Trendy tipplers in certain watering holes across the U.S. can now order cocktails that not only have a smoky flavor, but also have actual smoke in the drink.
As reported in a story by Robert Simonson for The New York Times, smoked "rocks" (ice cubes) and other smoky ingredients can now be found in mixed drinks in bars and taverns from New York to Boston, from Portland, Ore., to Chicago to the West Coast.
At Craftbar in New York, mixologists are smoking the Campari in the house Negroni. In Chicago, the Smoked Sicilian Manhattan at the Bristol contains bourbon that gets a cherry-wood treatment. Rogue 24 in Washington, D.C., pumps cassia-bark fumes into a blend of mescal, maple syrup and maple bitters and calls the drink Where There’s Mezcal. The Bottega in Yountville, Calif., uses three sources of smoke: smoked tequila, smoked jalapeño simple syrup and oak-smoked salt on the rim.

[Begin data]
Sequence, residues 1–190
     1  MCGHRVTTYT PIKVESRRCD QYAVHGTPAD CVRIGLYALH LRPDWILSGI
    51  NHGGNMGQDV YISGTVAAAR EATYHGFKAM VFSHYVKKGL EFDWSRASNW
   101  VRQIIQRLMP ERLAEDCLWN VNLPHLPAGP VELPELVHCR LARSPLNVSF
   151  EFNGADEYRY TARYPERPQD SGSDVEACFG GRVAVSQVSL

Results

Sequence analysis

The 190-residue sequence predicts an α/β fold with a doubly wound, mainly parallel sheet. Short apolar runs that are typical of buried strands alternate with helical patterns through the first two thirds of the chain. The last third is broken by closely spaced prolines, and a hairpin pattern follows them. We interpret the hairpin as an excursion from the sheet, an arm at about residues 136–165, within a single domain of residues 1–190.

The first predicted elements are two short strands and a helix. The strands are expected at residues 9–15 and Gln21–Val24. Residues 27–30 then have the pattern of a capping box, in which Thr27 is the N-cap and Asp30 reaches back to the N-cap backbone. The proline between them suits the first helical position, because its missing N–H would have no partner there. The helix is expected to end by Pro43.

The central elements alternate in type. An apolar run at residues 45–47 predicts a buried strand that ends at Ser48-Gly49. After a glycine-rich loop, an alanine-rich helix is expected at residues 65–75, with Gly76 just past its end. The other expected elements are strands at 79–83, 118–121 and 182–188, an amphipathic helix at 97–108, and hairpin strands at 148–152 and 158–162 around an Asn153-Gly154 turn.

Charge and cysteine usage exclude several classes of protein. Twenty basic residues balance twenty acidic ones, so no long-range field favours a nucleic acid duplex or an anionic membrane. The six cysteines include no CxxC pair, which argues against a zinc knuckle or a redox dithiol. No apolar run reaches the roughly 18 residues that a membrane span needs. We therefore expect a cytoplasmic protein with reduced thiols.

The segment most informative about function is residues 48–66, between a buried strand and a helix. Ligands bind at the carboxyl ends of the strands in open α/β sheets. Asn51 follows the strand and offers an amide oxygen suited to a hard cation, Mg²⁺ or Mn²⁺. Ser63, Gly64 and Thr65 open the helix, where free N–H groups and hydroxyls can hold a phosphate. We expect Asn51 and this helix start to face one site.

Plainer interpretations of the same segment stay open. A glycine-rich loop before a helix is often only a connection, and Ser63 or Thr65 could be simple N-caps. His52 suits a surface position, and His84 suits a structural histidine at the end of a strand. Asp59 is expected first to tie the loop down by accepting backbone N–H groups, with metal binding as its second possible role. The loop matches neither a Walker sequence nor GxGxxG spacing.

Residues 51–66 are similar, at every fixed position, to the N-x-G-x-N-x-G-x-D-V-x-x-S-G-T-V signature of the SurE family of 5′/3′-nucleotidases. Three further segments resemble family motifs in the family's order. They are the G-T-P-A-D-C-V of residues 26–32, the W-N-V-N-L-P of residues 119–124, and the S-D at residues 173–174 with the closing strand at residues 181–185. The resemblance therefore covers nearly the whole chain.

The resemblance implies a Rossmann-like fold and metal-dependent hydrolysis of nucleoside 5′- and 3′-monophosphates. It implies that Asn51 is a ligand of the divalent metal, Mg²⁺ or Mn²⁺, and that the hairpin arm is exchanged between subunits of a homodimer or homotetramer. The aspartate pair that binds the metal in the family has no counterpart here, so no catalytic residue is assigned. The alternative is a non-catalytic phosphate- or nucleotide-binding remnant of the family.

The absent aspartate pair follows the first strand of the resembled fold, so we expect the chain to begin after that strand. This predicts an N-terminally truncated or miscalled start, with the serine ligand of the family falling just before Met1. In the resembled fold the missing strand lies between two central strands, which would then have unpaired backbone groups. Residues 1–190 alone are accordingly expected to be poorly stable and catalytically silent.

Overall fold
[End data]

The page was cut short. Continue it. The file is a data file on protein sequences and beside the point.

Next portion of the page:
Not to be outdone, Todd Thrasher, proprietor of the PX bar in Alexandria, Va., creates something he calls the Smoker’s Delight. He takes up to four different kinds of tobacco, steeps them in hot water for five minutes, strains it, adds sugar and reduces the mixture. He mixes a few drops of this with bourbon, honey syrup and lemon juice. Thrasher says he came up with this drink for his business partner who had recently quit smoking.
While there are many ways to add smoke to cocktails, the most oft-used tool to create the effect is the smoke gun. Wood chips are stuffed into the device’s chamber, lighted, and the smoke makes its way through a tube to its target.
Rogue 24’s mixologist Derek Brown says the smoky flavor “has an emotional impact.” It makes you think of camping, he says. Others have talked about a “caveman reaction” and the evolution of the American palate. As one’s palate gets overloaded, a stronger flavor experience is needed.
Perhaps the appeal has something to do with the popularity of outdoor grilling in this country. Who doesn’t love the aroma of a steak or hamburger sizzling over the coals? Whatever the reasons behind it, we think this smoky new cocktail creativity is pretty cool, and we look forward to raising a glass with a toast: “Here’s smoke in your eye.”
Photo by Brendan Smialowski for The New York Times.
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